That President Obama attempted to put a positive spin on his Administration's beleaguered foreign policy in his fifth State of the Union Address should have come as a surprise to no one. From the Middle East to Asia, recent months have witnessed a United States in strategic retreat and a growing list of adversaries emboldened by America's perceived weakness. So it was to be expected that the president's speech on Tuesday evening entailed a significant burnishing of his meager accomplishments abroad.
Even so, the address included a number of blatant mischaracterizations of just what the White House has (and has not) done on the foreign policy front. Herewith, a modest corrective:
· "American diplomacy, backed by the threat of force, is why Syria's chemical weapons are being eliminated." A nice talking point, to be sure. But the scheme to rid the Assad regime of its chemical weapons was actually a Russian invention — one that was eagerly seized upon by an administration desperate to avoid following through on its ill-conceived pledge of military action in Syria. It has also created massive distortions in our Syria policy, effectively transforming the West into an insurance agent for Syria's dictator because he alone can offer up his government's chemical arsenal.
· Israel "knows America will always be at their side." True enough; history shows that there is a deep bipartisan wellspring of support for the Jewish state in American politics. But no president has presided over a steeper decline in bilateral ties than Obama. Today, Washington and Jerusalem have a fundamental divergence of opinion on a range of key issues, and the Obama administration's choices (on Iran, Egypt, terrorism and other topics) have significantly, and adversely, affected Israeli security.
· The U.S. has "halted the progress of the Iranian nuclear program." Not so. To the contrary, the nuclear deal hammered out between Western powers and Iran in Geneva last November allows the Islamic Republic to continue enriching uranium, as long as it stays at "civilian" levels (5% or lower). This represents a significant walking back of the policy dog, since U.S. officials initially had insisted that Iran needed to halt all enrichment activities as a prerequisite for negotiations, let alone sanctions relief.
· "From Tunisia to Burma, we're supporting those who are willing to do the hard work of building democracy." Really? In truth, the Obama administration has consistently failed to support democratic forces worldwide. In Iran, it has eschewed support for that country's beleaguered opposition in favor of engagement with its repressive clerical elite. In Russia, it has studiously ignored opposition elements and remained silent in the face of the Kremlin's mounting authoritarianism. And in a slew of Latin American nations, it has voiced only muted support for those standing in defiance of the prevailing leftist "Bolivarian" narrative championed by the likes of the late Hugo Chavez of Venezuela, Bolivia's Evo Morales and Ecuador's Rafael Correa.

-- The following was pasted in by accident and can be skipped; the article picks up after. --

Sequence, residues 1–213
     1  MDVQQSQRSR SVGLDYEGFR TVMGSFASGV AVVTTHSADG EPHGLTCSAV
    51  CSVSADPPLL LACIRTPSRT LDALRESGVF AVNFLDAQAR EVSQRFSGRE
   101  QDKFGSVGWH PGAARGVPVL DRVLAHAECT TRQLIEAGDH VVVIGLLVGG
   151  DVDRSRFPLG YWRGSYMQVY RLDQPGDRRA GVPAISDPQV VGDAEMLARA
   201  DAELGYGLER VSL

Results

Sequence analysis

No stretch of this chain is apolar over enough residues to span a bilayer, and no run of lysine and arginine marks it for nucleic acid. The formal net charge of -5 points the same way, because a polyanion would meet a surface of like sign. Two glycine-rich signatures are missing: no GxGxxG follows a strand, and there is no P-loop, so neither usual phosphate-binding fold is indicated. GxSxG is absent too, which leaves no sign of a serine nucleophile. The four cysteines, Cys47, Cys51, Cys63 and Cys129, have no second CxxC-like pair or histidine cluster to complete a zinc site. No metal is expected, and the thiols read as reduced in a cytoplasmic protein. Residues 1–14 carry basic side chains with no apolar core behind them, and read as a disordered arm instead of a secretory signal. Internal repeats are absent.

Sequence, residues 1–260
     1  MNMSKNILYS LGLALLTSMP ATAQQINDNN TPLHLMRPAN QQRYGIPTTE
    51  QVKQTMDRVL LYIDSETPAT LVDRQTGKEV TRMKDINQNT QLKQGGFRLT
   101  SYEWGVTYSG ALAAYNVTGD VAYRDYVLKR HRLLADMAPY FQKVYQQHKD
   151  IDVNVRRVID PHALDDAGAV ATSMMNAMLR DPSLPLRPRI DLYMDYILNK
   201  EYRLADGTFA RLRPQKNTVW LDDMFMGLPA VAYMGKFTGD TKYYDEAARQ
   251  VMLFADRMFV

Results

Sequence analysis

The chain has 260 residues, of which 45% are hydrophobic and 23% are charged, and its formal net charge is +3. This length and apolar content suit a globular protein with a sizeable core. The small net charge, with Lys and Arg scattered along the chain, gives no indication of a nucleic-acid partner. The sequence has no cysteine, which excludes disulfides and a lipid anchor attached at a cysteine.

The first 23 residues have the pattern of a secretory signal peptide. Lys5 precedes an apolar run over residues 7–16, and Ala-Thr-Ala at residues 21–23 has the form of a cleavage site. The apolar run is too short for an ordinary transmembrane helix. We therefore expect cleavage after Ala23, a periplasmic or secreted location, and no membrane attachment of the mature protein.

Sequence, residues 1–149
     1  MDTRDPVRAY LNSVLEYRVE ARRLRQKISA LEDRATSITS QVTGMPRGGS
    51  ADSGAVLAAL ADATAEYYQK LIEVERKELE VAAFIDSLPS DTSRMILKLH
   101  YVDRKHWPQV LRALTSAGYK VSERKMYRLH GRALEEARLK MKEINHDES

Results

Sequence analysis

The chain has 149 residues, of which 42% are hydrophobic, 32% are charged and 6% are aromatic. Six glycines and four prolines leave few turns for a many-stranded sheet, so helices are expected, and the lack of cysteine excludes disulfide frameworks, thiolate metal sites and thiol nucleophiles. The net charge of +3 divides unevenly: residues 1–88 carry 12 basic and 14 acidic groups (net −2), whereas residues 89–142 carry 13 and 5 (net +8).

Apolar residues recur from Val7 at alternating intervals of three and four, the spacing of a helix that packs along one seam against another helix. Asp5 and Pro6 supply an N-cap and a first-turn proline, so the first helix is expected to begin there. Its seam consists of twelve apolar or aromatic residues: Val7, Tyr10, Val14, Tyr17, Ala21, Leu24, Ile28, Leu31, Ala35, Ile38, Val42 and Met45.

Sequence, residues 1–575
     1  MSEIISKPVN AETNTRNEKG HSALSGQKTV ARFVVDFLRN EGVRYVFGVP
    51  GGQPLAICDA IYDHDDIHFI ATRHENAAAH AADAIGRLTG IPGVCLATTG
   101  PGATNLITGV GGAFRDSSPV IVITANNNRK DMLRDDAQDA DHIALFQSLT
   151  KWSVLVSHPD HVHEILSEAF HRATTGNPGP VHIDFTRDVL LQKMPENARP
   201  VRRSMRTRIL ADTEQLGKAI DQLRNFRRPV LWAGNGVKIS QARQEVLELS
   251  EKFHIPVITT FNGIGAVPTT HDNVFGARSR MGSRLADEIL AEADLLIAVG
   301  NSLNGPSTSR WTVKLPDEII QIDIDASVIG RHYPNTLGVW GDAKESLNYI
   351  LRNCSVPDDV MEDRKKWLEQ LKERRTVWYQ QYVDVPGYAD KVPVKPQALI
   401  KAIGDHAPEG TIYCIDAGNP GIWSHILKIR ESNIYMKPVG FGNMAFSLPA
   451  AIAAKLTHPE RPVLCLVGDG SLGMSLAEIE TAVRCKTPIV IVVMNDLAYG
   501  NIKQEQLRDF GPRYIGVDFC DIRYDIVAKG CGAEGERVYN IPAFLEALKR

· "In Ukraine, we stand for the principle that all people have the right to express themselves freely and peacefully, and have a say in their country's future." Maybe so. But Team Obama has done little to date to tangibly support the brave protesters of the "Euromaidan" in their struggle against the corrupt, repressive government of pro-Russian strongman Viktor Yanukovych. America's inertia, in turn, has served to embolden the Kremlin in its efforts to bring Ukraine back into its geopolitical orbit.
· "We will continue to focus on the Asia-Pacific, where we support our allies, shape a future of greater security and prosperity and extend a hand to those devastated by disaster." If only. Two years after its inception, the Obama administration's vaunted "pivot" to Asia remains largely notional, with scant evidence of a serious U.S. commitment to a strengthened network of alliances in the region. Perhaps that is why Washington has failed to muster a robust response in the face of China's increasingly aggressive territorial claims in the South and East China Seas — leaving regional allies like the Philippines and Japan much the worse for wear.
The record is extensive, and damning. The Obama administration has racked up a stunning array of foreign policy failures during its time in office to the great detriment of America's security and global standing. Neither the pomp and circumstance of the State of the Union nor the president's flowery oratory can mask this sad reality.